A much-wanted war criminal was put on public trial. The Kurdish and Shiite majority was rescued from the ever-present threat of a renewed genocide. A huge, hideous military and party apparatus, directed at internal repression and external aggression was (perhaps overhastily) dismantled. The largest wetlands in the region, habitat of the historic Marsh Arabs, have been largely recuperated. Huge fresh oilfields have been found, including in formerly oil free Sunni provinces, and some important initial investment in them made. Elections have been held, and the outline of a federal system has been proposed as the only alternative to a) a sectarian despotism and b) a sectarian partition and fragmentation. Not unimportantly, a battlefield defeat has been inflicted on al-Qaida and its surrogates, who (not without some Baathist collaboration) had hoped to constitute the successor regime in a failed state and an imploded society. Further afield, a perfectly defensible case can be made that the Syrian Baathists would not have evacuated Lebanon, nor would the Qaddafi gang have turned over Libya's (much higher than anticipated) stock of WMD if not for the ripple effect of the removal of the region's keystone dictatorship.

Any mention of the good by Campos? No, not a single admission. Why would we ever be convinced by so one sided an opinion based almost completely on false myths?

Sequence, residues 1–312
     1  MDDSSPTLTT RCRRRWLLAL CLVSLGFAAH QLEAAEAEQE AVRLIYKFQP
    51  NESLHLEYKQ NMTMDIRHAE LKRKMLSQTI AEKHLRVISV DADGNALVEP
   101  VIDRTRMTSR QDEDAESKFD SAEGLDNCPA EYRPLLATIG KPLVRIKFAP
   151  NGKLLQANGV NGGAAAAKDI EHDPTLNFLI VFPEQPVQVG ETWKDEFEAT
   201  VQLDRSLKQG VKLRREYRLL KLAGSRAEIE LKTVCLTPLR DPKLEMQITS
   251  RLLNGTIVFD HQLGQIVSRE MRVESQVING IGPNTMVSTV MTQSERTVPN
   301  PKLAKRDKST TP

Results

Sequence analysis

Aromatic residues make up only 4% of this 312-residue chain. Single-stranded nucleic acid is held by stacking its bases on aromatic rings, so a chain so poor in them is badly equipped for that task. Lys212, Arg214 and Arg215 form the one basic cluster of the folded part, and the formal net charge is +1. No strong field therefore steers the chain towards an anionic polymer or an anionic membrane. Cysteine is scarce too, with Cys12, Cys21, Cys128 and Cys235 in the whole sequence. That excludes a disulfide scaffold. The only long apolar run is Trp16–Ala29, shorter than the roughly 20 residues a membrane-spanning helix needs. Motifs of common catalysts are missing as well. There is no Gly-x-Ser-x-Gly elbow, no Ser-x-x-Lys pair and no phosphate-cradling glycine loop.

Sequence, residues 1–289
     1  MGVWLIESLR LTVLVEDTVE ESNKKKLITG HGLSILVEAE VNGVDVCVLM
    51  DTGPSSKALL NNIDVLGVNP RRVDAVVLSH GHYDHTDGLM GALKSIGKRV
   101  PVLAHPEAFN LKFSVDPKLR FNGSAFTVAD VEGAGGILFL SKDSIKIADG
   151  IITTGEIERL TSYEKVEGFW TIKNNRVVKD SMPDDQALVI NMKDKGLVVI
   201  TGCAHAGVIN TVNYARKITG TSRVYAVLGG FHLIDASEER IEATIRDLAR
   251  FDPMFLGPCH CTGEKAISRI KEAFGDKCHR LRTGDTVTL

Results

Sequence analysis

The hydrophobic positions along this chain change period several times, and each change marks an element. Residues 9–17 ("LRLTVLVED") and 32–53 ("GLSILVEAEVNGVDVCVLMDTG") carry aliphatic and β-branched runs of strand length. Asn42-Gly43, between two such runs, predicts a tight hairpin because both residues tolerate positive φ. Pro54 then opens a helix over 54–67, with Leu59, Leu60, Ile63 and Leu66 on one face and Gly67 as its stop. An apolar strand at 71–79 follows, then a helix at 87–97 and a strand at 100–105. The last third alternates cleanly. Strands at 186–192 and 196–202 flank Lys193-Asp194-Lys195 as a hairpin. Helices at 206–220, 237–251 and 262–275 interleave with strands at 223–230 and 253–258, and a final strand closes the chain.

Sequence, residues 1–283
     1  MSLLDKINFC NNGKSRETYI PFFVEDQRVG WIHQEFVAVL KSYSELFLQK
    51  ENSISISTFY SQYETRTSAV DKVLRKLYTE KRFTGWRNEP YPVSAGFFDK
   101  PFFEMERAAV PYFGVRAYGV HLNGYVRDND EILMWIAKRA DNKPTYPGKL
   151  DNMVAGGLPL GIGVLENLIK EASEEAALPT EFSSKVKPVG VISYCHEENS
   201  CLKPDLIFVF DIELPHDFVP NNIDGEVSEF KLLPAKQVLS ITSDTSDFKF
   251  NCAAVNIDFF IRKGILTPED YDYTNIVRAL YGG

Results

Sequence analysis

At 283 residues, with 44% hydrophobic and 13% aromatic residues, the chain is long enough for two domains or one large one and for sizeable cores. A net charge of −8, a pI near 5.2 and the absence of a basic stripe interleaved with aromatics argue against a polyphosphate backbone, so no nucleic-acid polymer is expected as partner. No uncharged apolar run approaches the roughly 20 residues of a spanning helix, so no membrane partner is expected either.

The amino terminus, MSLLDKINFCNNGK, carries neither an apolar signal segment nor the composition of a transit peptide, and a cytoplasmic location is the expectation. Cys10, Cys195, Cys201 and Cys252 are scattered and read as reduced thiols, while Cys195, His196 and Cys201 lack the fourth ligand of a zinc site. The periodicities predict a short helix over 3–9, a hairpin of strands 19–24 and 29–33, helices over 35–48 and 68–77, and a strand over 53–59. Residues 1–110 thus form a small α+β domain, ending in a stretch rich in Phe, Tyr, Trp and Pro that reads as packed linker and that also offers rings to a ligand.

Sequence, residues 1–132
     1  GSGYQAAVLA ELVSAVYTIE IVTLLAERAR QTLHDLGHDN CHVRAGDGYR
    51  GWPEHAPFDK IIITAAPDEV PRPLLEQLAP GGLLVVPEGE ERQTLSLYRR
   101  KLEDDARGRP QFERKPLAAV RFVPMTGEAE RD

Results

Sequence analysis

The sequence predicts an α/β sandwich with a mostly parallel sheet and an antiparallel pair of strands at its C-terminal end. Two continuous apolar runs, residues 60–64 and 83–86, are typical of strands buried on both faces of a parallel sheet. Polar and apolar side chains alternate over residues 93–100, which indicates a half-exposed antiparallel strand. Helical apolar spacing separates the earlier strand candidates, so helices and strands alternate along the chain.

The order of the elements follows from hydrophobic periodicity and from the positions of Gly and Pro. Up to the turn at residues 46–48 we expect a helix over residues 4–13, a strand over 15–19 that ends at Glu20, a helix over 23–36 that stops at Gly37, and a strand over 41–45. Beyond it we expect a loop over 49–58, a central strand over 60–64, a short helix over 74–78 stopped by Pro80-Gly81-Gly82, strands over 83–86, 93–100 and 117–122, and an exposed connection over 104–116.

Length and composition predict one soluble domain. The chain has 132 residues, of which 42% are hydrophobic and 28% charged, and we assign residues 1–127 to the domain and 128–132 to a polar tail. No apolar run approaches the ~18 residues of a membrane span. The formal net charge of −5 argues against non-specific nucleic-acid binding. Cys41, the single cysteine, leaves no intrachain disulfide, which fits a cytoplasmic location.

If you wish to drink bathwater and pretend it's champagne, be my guest. Campos is wrong. The figure I have read is 4 million Iraqis internally or externally displaced, a disproportionate # of middle and professional classes, teachers, doctors (20,000 of 34,000have left the country) etc. Out od a population of 38 million. Hey, whats 11% of the population between friends?

Better cite your sources on petroleum production and while you're at it, better cite statistics as to how much is being siphoned off. This is to be expected in an economy and a culture such as Iraq which fosters corruption. (If you wish me to explain that, I will.)

Of the Chaldeans thriving in Detroit, how many returned?

Here are the facts: As bad as the conditions were under Saddam, for the average Iraqi, they are worse now w/ respect to employment and basic necessities. How many IEDs are being planted not by raving ideologues, but by raving ideologues giving an average Joe a hundred bucks so the latter can feed his family?

Things in Iraq are so ducky we should all call the ministry of tourism to plan our next vacation.

Oh yeah, one more thing. This morning I read in that lefty, pinko rag called the Rocky Mountain News, that AQM did not exist b/f the invasion. Better set those fellow travellers straight.

Speaking of bath water, your reading it doesn't make it so, old friend.
I don't know how many Chaldeans returned.
They would have been foolish to do so (well, maybe from Detroit)
Most of the doctors in every country leave for other countries and more lucrative practices--we have more Canadian doctors than Canada. You're not reaching me with that stat, which you've used twice.
I did link to everything. That's what the different color, underlined means.
I don't believe you about Iraqis being better off under Saddam and more importantly the majority of Iraqis don't agree with you. More on that later.